Dead Witch Walking – Kim Harrison (Review)

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It took me a long time to get round to reading Dead Witch Walking. The book gets a lot of praise, but it was first mentioned to me as “urban fantasy about killer tomatoes,” and that description did nothing for me. It sounded like comic fantasy, and the list of authors who can manage to do that well is extremely short.

Dead Witch Walking is not comic fantasy, and killer tomatoes don’t really feature. Instead, a weaponised virus used tomatoes as a carrier, eventually wiping out a significant proportion of the human population. In the aftermath of this tragedy, vampires/witches/et cetera revealed themselves to humanity. The book takes place long after this, in a post-masquerade world where monsters are feared but accepted as part of reality.

Rachel Morgan is tired of dealing with bad assignments and unreasonable orders. For years, she’s been an employee of Inderland Security, tasked with solving supernatural problems – rogue vampires, black magic, that sort of thing. Now she’s ready to strike out on her own.

Life outside the I.S. isn’t easy though. With only a pixie and a vampire as backup, Rachel has to find steady work and stay alive, all the while dealing with demons, drug lords, and an agency that really doesn’t like people breaking their contracts.    Continue reading “Dead Witch Walking – Kim Harrison (Review)”

Beck – Mal Peet & Meg Rosoff (Review)

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Beck is the story of an eponymous mixed-race orphan in an uncaring world. After the death of his mother, Beck is shipped off to Canada, where he deals with abusive priests, abusive farmers, and violent mobsters (plus more) while he searches for a place to belong.

This is a book that desperately wants to have an important message. It’s just not clear what that message is. Every event drips with unused significance. He is neglected and abused as an orphan, but it ends there – any larger point about man’s inhumanity to man or poverty fizzle out as he pushed the memories behind him and wanders on. Instead of an exploration of society or identity or anything else, each plot point is simply another event in a series of them with no real purpose. Continue reading “Beck – Mal Peet & Meg Rosoff (Review)”

Darien – C. F. Iggulden (Review)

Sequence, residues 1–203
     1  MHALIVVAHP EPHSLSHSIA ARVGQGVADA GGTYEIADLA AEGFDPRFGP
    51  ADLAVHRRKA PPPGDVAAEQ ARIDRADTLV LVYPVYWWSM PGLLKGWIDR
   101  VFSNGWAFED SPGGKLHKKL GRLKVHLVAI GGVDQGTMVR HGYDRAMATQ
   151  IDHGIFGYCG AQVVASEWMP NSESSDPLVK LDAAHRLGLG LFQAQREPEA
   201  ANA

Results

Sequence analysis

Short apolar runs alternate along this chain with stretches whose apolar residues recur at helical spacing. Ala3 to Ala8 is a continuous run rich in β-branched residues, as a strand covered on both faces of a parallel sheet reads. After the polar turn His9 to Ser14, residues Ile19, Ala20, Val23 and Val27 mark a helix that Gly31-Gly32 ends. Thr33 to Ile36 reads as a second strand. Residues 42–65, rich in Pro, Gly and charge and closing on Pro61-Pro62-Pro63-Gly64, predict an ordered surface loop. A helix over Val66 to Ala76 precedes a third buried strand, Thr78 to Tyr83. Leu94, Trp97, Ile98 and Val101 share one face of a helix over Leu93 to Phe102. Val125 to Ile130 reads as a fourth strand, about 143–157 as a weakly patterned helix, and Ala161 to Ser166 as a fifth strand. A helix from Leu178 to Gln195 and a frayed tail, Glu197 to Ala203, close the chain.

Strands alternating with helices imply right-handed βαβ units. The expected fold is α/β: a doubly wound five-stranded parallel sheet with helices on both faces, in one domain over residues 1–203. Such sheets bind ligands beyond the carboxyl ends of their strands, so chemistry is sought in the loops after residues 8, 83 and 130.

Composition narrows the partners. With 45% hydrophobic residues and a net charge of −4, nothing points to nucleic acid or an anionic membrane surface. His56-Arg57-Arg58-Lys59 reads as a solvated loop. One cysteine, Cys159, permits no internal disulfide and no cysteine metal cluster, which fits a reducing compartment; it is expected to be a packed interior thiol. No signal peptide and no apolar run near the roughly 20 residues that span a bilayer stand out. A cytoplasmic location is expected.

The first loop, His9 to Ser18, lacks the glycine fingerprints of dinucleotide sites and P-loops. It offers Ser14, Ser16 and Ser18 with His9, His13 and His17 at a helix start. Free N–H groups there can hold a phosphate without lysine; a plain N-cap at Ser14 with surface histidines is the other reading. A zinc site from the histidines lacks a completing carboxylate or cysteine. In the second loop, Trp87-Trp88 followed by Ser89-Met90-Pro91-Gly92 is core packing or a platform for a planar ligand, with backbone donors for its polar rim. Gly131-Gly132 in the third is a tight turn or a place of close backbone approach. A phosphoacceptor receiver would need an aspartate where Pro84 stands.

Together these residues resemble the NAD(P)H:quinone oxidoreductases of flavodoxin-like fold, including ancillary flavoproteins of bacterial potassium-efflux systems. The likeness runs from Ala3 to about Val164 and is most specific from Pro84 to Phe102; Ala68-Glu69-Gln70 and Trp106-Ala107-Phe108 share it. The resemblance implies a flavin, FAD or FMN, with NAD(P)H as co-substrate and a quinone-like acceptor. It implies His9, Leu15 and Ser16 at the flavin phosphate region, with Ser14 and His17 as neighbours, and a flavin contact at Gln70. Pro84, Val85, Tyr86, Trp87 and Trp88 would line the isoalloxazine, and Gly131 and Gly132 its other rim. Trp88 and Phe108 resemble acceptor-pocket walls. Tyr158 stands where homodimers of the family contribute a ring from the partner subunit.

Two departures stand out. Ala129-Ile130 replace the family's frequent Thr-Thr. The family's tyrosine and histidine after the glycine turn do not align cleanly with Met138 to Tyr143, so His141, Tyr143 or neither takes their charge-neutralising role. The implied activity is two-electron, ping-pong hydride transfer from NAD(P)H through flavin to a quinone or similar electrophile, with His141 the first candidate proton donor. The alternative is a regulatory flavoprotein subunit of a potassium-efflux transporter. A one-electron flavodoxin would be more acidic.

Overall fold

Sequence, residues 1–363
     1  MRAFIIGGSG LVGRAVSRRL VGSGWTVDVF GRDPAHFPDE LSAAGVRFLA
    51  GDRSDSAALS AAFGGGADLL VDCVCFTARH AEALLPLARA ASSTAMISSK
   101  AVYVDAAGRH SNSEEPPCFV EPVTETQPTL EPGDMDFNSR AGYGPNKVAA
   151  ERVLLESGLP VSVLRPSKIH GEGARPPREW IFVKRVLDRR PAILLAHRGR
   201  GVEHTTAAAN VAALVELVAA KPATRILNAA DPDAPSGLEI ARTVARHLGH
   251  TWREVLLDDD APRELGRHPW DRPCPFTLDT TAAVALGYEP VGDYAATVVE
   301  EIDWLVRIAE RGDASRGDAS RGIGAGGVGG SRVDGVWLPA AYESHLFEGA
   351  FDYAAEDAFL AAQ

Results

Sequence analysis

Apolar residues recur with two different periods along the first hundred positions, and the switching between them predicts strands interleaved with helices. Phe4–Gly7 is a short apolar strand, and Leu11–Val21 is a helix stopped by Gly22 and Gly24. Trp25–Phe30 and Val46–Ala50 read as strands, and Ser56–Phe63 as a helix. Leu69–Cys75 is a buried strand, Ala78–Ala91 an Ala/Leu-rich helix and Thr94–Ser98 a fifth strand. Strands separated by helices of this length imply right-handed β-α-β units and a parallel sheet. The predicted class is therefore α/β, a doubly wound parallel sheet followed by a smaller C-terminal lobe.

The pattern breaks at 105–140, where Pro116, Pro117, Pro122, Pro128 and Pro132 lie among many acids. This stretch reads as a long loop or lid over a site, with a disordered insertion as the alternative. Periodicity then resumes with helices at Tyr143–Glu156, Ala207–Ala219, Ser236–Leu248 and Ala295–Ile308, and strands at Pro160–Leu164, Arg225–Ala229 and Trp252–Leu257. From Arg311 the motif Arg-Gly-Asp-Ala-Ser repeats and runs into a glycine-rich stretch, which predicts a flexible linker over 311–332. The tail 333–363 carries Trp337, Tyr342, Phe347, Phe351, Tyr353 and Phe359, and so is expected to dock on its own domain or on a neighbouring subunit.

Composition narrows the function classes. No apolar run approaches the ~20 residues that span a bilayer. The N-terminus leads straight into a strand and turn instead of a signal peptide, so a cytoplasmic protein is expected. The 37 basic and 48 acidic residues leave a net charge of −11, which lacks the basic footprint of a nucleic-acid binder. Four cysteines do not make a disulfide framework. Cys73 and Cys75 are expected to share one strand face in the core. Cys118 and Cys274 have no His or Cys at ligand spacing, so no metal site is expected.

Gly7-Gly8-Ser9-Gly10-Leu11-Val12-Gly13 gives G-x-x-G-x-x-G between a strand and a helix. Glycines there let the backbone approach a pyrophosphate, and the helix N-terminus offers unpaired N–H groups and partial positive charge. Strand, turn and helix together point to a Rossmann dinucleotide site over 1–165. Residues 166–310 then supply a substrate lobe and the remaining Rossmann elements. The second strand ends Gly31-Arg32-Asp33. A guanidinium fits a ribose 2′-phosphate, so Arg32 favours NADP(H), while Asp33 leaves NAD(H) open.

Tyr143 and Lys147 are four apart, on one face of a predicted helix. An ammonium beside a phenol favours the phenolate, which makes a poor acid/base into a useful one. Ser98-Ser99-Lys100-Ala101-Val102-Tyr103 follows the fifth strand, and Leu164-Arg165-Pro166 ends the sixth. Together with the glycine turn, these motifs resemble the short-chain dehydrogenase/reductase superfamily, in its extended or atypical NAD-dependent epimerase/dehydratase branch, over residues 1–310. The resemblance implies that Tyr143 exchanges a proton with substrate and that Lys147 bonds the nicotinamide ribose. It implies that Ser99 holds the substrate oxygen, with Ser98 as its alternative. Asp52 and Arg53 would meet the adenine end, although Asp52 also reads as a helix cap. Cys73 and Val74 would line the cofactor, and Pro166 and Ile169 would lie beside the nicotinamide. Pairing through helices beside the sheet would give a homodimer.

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The Empire of Salt has declined and fallen. What is left is Darien – a city ruled through a puppet king by twelve noble families. Magic has faded too, and only the wealthy manage to hoard anything more than trinkets. Plague ravages the countryside, and children steal to survive. Society is old and tired, looking back to an earlier age to avoid thinking about the failures and compromises of the modern day. There’s no pride, justice, or nobility left.

Darien focuses on a cast of characters who want something more. A thief who dreams of a treasure hoard, a girl who dreams of justice. A gang leader with memories of a nobler calling and a general tired of pointless orders. Darien has been in placid decline for centuries, but times are changing. Plans and paths converge, beginning a chain of events that will either destroy the city or redeem it.  Continue reading “Darien – C. F. Iggulden (Review)”

Beneath – Kristi DeMeester (Review)

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There’s a village in rural Appalachia where the people’s faith is strong. They speak in tongues, and handle venomous snakes without fear. If their hearts are pure, they will not be harmed.

Cora Mayburn is a reporter sent to interview the village’s charismatic preacher. Her editor hopes for a juicy story of gullible hicks engaged in bizarre rites, and Cora just wants to finish the job and get back to the city as soon as possible. But she soon discovers that the story is about much more than just credulous zealots. Continue reading “Beneath – Kristi DeMeester (Review)”

The Seer of Possibilities – Thomas O. (Review)

41zIUKyWWdLThe Seer of Possibilities and other Disturbing Tales is a collection of short horror stories. All the stories are independent, although there are some hints that suggest a shared universe for some of them.

A young boy gets his Christmas wish. A surveying expedition to a new world has personnel problems. A young artist is taught how to reach her full potential. Those are some of the ideas inside the collection.  Continue reading “The Seer of Possibilities – Thomas O. (Review)”

Who Goes there ? – John W. Campbell (Review)

51Qyo6lkqhLJohn Carpenter’s The Thing (1982) is one of the greatest horror films ever made. It’s a masterpiece of suspense and tension, demonstrating – point by point – the key ingredients of horror. In addition, the skilled use of practical special effects gives it a visceral kick that you very rarely find in later films. It’s brilliant, and I recommend that everyone watches it at least once.

Until recently, I didn’t know it was based on anything. I knew that there was at least one  story inspired by it – Peter Watt’s The Things – but I didn’t know that the film itself was based on a short story. That story is John W. Campbell’s Who Goes There? Continue reading “Who Goes there ? – John W. Campbell (Review)”

January – Peter Edwards (Review)

317R5rel76LI was clearly confused when I bought this book. I thought it was filled with short horror stories, but the reality is very different.

The stories in January are very short – each one less than a page long, and each page has an illustration in addition to the text. But they aren’t horror. Instead, they’re puns. Each story is a snapshot from the lives of bizarre re-occurring characters, and each one builds to a pun.  Continue reading “January – Peter Edwards (Review)”